Floating Through ‘Triadic Memories’: Jesse Myers on the Music of Morton Feldman

by Maggie Molloy

It’s easy to lose track of time amid the sparse tones of Morton Feldman’s Triadic Memories. The 90-minute solo piano work lends itself well to meditation—which is exactly the idea behind pianist Jesse Myers’ October 25 performance at the Good Shepherd Chapel. He invites audience members to slow down, grab a pillow and get lost in its softly sprawling sounds.

In this in-studio interview, Myers talks with us about the music of Morton Feldman, the magic of sensory amplification, and what it feels like to float in sound.


Audio engineering by Nikhil Sarma. Music in this interview is from Feldman’s Triadic Memories, performed and recorded by Jesse Myers.
For more information on his October 25 performance, click here.

VIDEO PREMIERE: ‘Trozo’ by Tristan Eckerson

by Peter Tracy

Composer and pianist Tristan Eckerson.

Brazilian dancer Saan Queiroz spins and glides his way through a forest in the new video for Tristan Eckerson’s “Trozo.”

The piece, which is the title track from Eckerson’s 2016 debut full length album, is a melancholy work for solo piano featuring continuous arpeggios and sparse melodies. Recently, Eckerson completely re-recorded, re-mixed, and re-mastered the album, which he will re-release as Trozo Revisited on October 18.

In this video created by Caio Nogueira (Pupilla) and directed by Emily Naitê, Queiroz gives a fluid and animated dance performance in a sunlit forest, giving a new dimension to Eckerson’s atmospheric work.


Tristan Eckerson’s Trozo Revisited is out Friday, Oct. 18. For more information, click here.

Seattle Symphony Spotlight: Flutist Claire Chase

by Dave Beck

Claire Chase is a flutist with a flair for the new, the adventurous, and the unexpected. She’s given the premieres of hundreds of new works for her instrument in performances throughout the world. In 2012, she was awarded the MacArthur Genius Grant for her work not only fostering the creation of new music, but also building organizations, forming community alliances, and supporting educational programs.

That work is on display in Seattle this week when she performs as the soloist with the Seattle Symphony and Music Director Thomas Dausgaard in Aello: Ballet Mecanomorphe by Olga Neuwirth. It’s scored for flute, bass flute, and an ensemble that includes tuned water glasses and a typewriter. Chase gave the world premiere of the piece, an homage to the Bach Brandenburg Concerto No. 4, last year at the BBC Proms with Dausgaard leading the Swedish Chamber Orchestra.

This week in Seattle, Chase also presents a solo recital of music by Marcos Balter as part of her innovative Density 2036 project. Chase explains more about this effort to generate new flute music, a project unfolding over a 23-year time span.


Claire Chase performs selections from Density 2036 on Friday, Oct. 11 at 7:30pm at Octave 9. She performs Olga Neuwirth’s Aello with the Seattle Symphony on Saturday, Oct. 12 at 8pm at Benaroya Hall. For tickets and more information, click here.

PREVIEW: Roomful of Teeth Performs Bryce Dessner’s ‘Triptych’

Interview by Dacia Clay; Text by Maggie Molloy

Thirty years after Robert Mapplethorpe’s death, his controversial photographs remain radical and subversive. In a new multimedia tribute called Triptych (Eyes of One on Another), composer Bryce Dessner explores Mapplethorpe’s legacy—his unique merging of classical forms and erotic imagery, his masterful balance of light and dark, and the issues of objectification and censorship that surround his work even today.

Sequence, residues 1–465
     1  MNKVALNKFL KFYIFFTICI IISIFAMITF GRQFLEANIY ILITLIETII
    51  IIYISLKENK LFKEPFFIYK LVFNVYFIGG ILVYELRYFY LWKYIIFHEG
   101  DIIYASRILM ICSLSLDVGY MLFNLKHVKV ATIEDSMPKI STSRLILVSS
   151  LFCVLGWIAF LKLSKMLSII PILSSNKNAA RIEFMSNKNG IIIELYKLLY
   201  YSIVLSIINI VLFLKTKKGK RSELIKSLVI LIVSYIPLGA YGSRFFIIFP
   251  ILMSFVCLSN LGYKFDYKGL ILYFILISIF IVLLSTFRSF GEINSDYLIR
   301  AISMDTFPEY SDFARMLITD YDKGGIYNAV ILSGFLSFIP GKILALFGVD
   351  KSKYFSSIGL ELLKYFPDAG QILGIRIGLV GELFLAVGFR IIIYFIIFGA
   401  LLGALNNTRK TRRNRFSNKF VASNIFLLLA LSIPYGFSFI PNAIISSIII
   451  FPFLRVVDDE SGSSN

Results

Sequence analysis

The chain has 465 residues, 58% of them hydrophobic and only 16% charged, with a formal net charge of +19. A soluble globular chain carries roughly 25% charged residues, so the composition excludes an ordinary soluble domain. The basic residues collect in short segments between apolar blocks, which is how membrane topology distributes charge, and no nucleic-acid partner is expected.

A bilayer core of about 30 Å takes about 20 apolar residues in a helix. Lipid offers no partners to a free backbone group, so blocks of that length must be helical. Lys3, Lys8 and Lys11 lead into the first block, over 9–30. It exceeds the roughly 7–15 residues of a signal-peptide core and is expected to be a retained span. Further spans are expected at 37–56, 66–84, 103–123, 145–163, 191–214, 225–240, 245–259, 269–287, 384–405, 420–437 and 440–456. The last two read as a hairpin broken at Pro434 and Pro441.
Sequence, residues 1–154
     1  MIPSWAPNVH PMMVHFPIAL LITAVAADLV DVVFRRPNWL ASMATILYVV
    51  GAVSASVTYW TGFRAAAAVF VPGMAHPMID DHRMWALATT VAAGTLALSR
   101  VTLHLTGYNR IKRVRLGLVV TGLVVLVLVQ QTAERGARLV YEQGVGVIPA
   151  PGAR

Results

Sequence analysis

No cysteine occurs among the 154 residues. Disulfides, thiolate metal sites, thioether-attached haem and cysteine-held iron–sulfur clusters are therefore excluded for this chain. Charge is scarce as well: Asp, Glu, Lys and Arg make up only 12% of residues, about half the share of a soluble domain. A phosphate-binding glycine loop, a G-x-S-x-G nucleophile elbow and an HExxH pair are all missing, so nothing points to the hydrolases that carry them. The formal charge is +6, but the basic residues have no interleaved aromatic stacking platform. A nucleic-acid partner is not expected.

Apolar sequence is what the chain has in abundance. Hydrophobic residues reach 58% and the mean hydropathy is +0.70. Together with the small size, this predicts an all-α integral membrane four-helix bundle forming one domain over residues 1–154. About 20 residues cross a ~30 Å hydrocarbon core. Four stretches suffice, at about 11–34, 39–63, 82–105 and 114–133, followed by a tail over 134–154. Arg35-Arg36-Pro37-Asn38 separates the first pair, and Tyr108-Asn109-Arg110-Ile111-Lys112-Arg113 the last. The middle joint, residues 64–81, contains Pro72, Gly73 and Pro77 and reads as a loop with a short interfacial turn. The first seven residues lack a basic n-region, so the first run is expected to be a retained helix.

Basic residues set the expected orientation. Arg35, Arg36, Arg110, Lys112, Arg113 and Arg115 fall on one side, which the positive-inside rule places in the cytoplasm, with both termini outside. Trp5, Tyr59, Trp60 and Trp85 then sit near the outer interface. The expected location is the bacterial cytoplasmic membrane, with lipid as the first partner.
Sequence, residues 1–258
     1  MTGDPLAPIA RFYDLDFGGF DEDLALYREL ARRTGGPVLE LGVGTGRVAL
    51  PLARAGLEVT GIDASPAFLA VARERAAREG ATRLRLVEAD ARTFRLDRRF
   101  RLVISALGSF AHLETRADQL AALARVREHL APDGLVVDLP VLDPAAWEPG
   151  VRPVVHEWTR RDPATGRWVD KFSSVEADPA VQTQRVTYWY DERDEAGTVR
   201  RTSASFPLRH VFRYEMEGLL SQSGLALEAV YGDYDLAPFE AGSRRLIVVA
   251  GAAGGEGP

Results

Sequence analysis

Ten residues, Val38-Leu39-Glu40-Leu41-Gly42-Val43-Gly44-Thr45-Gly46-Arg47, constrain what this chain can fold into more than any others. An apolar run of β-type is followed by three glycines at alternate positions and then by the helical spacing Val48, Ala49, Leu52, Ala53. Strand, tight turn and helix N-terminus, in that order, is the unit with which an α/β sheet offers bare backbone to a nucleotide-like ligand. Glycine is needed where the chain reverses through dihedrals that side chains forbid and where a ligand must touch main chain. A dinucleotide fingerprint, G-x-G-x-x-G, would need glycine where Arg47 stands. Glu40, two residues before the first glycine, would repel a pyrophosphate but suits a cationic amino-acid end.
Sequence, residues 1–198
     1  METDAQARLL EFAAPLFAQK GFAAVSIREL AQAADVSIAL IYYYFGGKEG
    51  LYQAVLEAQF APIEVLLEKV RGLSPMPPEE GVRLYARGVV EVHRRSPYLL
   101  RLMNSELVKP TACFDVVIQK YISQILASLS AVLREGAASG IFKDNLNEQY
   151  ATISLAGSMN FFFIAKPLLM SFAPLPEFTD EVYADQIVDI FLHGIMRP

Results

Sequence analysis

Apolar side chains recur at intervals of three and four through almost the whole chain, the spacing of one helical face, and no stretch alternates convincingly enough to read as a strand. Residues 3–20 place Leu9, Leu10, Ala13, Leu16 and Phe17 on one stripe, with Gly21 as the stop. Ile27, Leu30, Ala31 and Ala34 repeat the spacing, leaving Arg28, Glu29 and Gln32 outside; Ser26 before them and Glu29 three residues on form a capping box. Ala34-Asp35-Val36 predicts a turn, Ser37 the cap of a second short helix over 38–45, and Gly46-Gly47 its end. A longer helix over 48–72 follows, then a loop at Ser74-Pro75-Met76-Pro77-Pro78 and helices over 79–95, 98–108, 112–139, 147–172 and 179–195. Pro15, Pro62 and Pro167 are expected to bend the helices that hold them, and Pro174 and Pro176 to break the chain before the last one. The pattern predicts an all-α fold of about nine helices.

Performed by the inimitable Roomful of Teeth, Triptych features Mapplethorpe’s visceral images projected onstage in unprecedented drama and scale. The work’s libretto by Korde Arrington Tuttle draws from the writings of two influential poets: Mapplethorpe’s close friend Patti Smith and one of his critics, Essex Hemphill.

Ahead of Roomful of Teeth’s performance of Triptych on October 9 at the Moore Theatre, we talked with the ensemble’s Artistic Director Brad Wells about how this piece came to be and what audiences can expect.


Roomful of Teeth performs Triptych on Wednesday, Oct. 9 at 8pm at the Moore Theatre. Click here for tickets and more information.

NW Focus LIVE: Jesse Myers | Friday, Oct. 11, 8pm

by Peter Tracy

Photo by James Holt. Jesse Myers performs LIVE on KING FM on Friday, Oct. 11 at 8pm.

Whether he’s playing the prepared piano music of John Cage or creating immersive audio-visual experiences at the Good Shepherd Center, Jesse Myers is a pianist who is always up for a challenge.

As a performer with wide-ranging interests, Myers frequently performs music that expands the piano in some way—sometimes through live electronics or even lighting design. He is equally interested in performing more traditional repertoire in unusual contexts, such as pairing the music of Beethoven, Rachmaninoff, and Cage. Later this month, you can catch him tackling Morton Feldman’s sparse yet monumental Triadic Memories, a performance that continues his project of exploring new repertoire and pushing the boundaries of his instrument.

And this weekend, you can hear him perform LIVE on Classical KING FM. Tune in for NW Focus LIVE on Friday, Oct. 11 at 8pm as Myers performs a characteristically broad range of music, including Beat Furrer’s mysterious and atmospheric “Voicelessness: The Snow Has No Voice,” Christopher Cerrone’s tribute to the New York nightscape titled “Hoyt-Schemerhorn,” and more familiar works by Rachmaninoff, Philip Glass, and John Adams.


Jesse Myers performs LIVE on Classical KING FM on Friday, Oct. 11 at 8pm. Click here to tune in.